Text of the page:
Walker Won’t Block Unionization Process
Comptroller General David Walker said Tuesday that he plans to support a timely election process that will determine whether 1,500 analysts at the Government Accountability Office will form a labor union.
But Walker added that GAO management will take steps to make sure the election does not include votes from supervisory employees, who are not eligible to join a union under current labor laws.
“As I have said in the past, I support the right of GAO employees to organize in a manner consistent with applicable laws and regulations,” Walker said in a statement. “GAO’s management has complied and will continue to comply with all applicable labor laws and GAO personnel orders.”
Sporting business suits and stickers reading “Band Together,” a group of about 40 analysts, acting on behalf of hundreds of fellow employees, filed authorization cards with the agency’s Personnel Appeals Board on Tuesday to request a union representation election. The analysts are seeking to join the International Federation of Professional and Technical Engineers, an AFL-CIO-affilated union that also represents employees at the Congressional Research Service.
“We’re delighted that this day has finally come,” Greg Junemann, president of the IFPTE, said alongside several GAO analysts during a late-morning press briefing.
Added Senior Analyst Patricia Farrell Donahue: “It’s been a long time coming.”
About 1,500 GAO employees would be allowed to join the union, and a majority submitted authorization cards, union officials said. Junemann said he expects a vote will be held in early summer.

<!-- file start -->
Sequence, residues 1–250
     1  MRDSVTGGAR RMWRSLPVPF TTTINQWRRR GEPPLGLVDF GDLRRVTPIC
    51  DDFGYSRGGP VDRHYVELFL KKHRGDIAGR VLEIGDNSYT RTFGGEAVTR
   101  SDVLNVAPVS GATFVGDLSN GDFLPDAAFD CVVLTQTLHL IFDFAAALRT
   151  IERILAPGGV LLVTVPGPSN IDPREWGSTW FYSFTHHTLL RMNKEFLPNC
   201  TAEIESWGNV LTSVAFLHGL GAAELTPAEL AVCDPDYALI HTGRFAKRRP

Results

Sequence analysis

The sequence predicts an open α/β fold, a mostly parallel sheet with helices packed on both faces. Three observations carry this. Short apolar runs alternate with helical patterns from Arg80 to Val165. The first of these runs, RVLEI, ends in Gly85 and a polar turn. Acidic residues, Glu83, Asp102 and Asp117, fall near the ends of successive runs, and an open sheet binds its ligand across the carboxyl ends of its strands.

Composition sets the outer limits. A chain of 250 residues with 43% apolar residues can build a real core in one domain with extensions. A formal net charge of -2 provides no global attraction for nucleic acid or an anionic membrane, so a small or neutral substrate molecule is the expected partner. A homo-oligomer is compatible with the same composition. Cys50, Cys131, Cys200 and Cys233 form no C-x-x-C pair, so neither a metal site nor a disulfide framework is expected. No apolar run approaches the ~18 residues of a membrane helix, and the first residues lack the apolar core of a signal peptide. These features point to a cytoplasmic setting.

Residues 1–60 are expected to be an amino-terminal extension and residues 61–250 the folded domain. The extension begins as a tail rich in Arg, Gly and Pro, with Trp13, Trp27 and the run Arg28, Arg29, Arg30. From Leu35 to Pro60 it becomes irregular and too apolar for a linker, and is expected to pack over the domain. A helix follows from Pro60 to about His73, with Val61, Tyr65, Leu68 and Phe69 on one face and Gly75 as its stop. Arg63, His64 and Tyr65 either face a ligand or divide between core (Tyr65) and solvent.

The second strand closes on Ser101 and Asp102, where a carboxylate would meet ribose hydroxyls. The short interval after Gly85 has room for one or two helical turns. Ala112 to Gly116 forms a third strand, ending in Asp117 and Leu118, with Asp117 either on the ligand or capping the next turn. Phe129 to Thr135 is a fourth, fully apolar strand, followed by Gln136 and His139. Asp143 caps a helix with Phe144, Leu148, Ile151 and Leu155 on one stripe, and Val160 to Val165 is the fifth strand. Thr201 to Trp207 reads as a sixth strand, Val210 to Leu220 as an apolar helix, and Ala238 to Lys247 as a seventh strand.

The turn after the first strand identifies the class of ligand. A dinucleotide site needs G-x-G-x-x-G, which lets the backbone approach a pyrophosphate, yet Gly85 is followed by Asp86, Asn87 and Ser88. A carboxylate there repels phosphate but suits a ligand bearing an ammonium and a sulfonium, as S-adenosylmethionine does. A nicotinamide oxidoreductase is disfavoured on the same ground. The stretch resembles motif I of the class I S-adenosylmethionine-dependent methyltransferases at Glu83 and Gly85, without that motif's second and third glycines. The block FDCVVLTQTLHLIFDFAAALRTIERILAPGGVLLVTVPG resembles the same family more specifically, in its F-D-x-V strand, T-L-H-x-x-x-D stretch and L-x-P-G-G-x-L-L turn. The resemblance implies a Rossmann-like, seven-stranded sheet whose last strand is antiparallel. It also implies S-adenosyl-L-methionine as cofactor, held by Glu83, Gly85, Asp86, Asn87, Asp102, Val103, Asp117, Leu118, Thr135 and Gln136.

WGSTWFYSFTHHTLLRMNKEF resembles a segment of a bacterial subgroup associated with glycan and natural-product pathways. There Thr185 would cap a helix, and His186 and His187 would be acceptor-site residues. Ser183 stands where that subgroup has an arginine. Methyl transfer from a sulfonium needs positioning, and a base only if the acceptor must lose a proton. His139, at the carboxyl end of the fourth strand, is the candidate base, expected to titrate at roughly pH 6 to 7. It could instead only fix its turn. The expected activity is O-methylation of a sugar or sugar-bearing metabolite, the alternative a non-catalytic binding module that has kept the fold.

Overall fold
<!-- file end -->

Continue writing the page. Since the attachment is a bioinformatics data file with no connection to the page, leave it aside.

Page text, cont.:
Many legislative branch employees, including those at the Library of Congress and the Government Printing Office, are represented by unions. But GAO employees never have been represented by a union — or even held an authorizing election — in the 86-year history of the agency.
Talk of forming a union began early last year, when a small group of analysts approached the IFPTE about how they could organize after Walker changed salary policies at the agency.
Walker’s changes divided workers into “bands,” eliminating cost-of-living raises for some and capping salaries for others. The changes were based on a 2004 study conducted by the firm Watson Wyatt Worldwide, which found that some workers were overpaid.
In past interviews, Walker has maintained the change allowed salaries to be determined in a market-based, performance-driven system that has saved taxpayer dollars.
But morale at the agency has suffered because of those changes, Junemann said. Some analysts added that many older and minority workers have been discriminated against because of the changes.
One analyst has even taken legal action. In a lawsuit filed in October 2006, James Moses claims management has discriminated against auditors 45 years of age and older by denying pay increases and promotions while demoting and terminating certain older employees.
At the press briefing Tuesday, many analysts said they were not opposed to changing the system but felt left out of the process.
“We wanted a dialogue with management,” said Donahue, who was part of the initial group that approached IFPTE. “We were tired of the monologues.”
Added Jacqueline Harpp, a senior analyst: “We would like to have a voice in the programs and operations at GAO, and we think forming this union will give us that voice.”
Many Members of Congress also have given their support to the union effort. Nineteen Members wrote to Walker earlier this year to ask that the agency work fairly with personnel.
In statements released supporting the union effort, Rep. John Lewis (D-Ga.) said he and other Members will monitor the process, and Sen. Barbara Mikulski (D-Md.) said a union will help protect workers’ rights.
“These workers can count on me to continue to fight to make sure they are treated with the respect they deserve,” Mikulski said.
Walker appears to be complying.
“We are prepared to fully support a timely election process if the union meets the related requirements for a vote,” he said.